Salsa Scoop> tag: ”blog:video“

Embed any YouTube video with a secure link

Tags: video  |  YouTube  |  Donations  |  Events

Have you ever wanted to put a video on your secure Donation or Events page, but been frustrated by security issues?

Well, no longer!

The fine folks at YouTube have now provided the option to embed any YouTube video using a secure link!

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The World of World of Warcraft world

"When you're staring at the computer screen, you actually believe that you're in a dimly lit basement staring at a computer screen."
'Warcraft' Sequel Lets Gamers Play A Character Playing 'Warcraft'

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Happy Birthday, Roe

Choice USA, and DIA is pleased to host their e-advocacy platform, put out a call for supporters' video submissions on the importance of Roe v. Wade, whose 35th anniversary is today. Here's the result Choice USA released today:

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CCR Closes the E-Advocacy Loop With Holiday Video

Two weeks ago, the DIAtribe picked the brain of Owen Henkel at the Center for Constitutional Rights on the hit Send Bush a Copy of the Constitution action they've been running. So, after everyone clicks-here-to-take-action, what happens? Did they actually deliver all the Constitutions? Well ... sort of. Here's a wink-nod wrap to the action with a little virality of its own:

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Another Bubble

Tags: blog:humor  |  blog:nptech  |  blog:video  |  blog:viral
Funny Silicon Valley. Fortunately, none of this could never be true of nonprofit technology. Won't you blog about this song? The answer is "yes."

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Sean Taylor and Quiet Riot: Flash Tribute Communities

We know about flash mobs. But online junctions are also poles that attract communal grieving, like the spot on a dead man's curve where a popular high schooler crashed. Adherents of the savage ballet are surely aware that NFL star Sean Taylor died this morning from a gunshot wound he had suffered Sunday night. News of the shooting broke Monday morning, and of his death, earlier today. Which made this otherwise innocuous YouTube of Taylor highlights posted over the summer an instant online shrine. Over 1,100 comments have been posted as of this writing (surely more by the time you click it) -- almost all of them during the past two days.

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Six-Pack: An Interview With Brave New Films' Jim Gilliam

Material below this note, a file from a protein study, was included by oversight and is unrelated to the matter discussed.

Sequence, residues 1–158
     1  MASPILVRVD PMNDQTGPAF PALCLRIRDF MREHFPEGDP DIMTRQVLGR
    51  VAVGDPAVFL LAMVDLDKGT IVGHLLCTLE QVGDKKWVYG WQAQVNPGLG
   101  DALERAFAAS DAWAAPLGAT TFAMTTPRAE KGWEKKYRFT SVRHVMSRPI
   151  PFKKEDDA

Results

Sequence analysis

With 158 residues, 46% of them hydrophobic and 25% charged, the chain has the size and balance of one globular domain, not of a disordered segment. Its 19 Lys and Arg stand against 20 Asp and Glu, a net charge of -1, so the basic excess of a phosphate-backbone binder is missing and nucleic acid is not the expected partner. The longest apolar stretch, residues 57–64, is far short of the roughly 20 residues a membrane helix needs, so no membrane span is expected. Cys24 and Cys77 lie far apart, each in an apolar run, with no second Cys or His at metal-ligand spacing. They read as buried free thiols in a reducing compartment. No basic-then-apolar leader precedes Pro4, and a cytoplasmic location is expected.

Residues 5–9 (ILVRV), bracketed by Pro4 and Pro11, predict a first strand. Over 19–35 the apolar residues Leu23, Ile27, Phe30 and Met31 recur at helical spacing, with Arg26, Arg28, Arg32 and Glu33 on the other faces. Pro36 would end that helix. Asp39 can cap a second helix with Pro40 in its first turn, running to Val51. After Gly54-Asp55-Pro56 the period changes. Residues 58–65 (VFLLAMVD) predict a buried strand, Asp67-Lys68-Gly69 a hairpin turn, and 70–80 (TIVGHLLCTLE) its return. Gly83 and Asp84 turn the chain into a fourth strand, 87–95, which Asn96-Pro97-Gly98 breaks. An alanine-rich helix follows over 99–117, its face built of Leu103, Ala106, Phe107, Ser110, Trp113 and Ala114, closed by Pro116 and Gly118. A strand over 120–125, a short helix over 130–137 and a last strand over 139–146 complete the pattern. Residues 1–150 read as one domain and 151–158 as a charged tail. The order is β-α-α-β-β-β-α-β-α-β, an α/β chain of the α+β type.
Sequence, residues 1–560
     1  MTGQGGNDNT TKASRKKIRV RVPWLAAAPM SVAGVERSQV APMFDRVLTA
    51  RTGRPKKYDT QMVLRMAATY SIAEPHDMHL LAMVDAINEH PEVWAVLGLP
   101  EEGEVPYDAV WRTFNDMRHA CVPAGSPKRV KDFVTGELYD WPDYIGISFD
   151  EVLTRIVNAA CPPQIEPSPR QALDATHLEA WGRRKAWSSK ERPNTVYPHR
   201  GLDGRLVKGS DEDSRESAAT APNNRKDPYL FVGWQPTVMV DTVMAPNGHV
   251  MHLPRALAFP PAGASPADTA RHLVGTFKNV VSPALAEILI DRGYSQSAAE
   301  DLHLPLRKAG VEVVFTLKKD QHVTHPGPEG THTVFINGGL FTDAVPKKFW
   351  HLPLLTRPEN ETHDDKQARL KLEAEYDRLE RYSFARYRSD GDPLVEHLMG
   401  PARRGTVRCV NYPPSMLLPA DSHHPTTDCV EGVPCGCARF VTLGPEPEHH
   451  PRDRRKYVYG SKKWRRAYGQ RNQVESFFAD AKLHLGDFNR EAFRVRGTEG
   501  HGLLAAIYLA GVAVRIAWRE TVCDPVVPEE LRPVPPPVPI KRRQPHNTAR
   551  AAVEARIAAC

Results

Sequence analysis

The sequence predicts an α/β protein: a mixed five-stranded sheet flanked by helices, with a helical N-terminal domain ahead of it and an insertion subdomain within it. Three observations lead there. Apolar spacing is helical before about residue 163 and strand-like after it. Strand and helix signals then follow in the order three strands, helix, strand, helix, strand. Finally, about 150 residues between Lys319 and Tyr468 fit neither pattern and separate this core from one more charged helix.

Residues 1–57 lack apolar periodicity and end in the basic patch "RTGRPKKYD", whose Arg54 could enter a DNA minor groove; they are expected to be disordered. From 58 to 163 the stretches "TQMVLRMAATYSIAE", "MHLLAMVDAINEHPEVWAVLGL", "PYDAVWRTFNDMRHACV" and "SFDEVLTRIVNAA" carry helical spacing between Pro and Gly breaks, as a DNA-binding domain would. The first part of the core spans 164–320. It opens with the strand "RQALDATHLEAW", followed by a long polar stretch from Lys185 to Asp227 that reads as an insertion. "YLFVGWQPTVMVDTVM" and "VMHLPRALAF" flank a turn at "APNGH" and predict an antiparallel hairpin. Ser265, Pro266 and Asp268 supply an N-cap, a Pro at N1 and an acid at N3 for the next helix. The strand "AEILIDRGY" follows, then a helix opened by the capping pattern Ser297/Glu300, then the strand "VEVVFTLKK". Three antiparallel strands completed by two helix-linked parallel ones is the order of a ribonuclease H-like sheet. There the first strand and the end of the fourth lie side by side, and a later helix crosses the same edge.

I had the opportunity to "sit down with" -- read: e-mail -- Jim Gilliam of Brave New Films about the Fox Attacks campaign to hit the "news" channel where its advertisers are. The campaign has taken blogistan by storm, which Brave New Films seems to have down to a science. So what's the magic behind the curtain? Read on ...

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E-xemplar: Ways to Make Legislative Campaigns Suck Less

My fondness for liberals, smart people, and Wisconsin politicians (not to mention good food) aided in my decision to read the Environmental Working Group's recent email on their Organics Petition. Even though Development Associate David (no, I didn't realize that was his title until I searched their site) once spent a good amount of a phone call laughing at my Wisconsin accent when I was trying to explain tags, I enjoy working with the EWG. But even more notably, I enjoy well-crafted campaigns. This action nicely displays a few ways to make them suck less (albeit in the service of an uphill struggle):

Step 1: Pictures are worth a thousand words.

This video was short, energizing, and provided a terrific visual of the support already behind the bill. It's one thing to be told about an issue, but to see an example of what an organization is already doing is quite motivational.

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The Theory of the YouTube Class: ObamaGirl and the Web2.0 Aesthetic

Someone could have dined well on my dime by wagering me on the proposition that this now-renowned "ObamaGirl" video would be -- well -- renowned. I guess I'm a fogey. When I saw this thing Thursday morning it registered a big "meh." Three days later, the needle hasn't budged. Actually, the citizen media that caught my eye that day came via the UK-based nfp2.0 blog -- a spot of guerrilla marketing. [I know you want the SILF t-shirt] This charismatic piece hit me as an interesting juxtaposition to last summer's viral-marketing Hindenberg, the Agency.com Subway pitch which went viral for its cover-your-eyes awfulness. (All the original's video links seem to be pulled, but the below is the piece plus smartass subtitling.) Despite my mixed reactions, and despite the contrasting purposes at play, there's a kinship between the first two of these videos that's wanting in the third. What is this quicksilver "genuineness" that decodes a piece's meaning and foretells its prospects as citizen media?

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Digital Story Telling Tips

Below are some handy suggestions I pulled from the presentation Age of YouTube: Using Video Online to Reach the Masses which was presented at NTEN’s Technology 2007 Conference. The Serial Approach - Consider offering a series of short videos (2-3 minutes) that explain your issue, instead of making an expensive project video (or in addition to). See how I Love Mountains features short videos about the destructive practice of mountaintop removal on their homepage.

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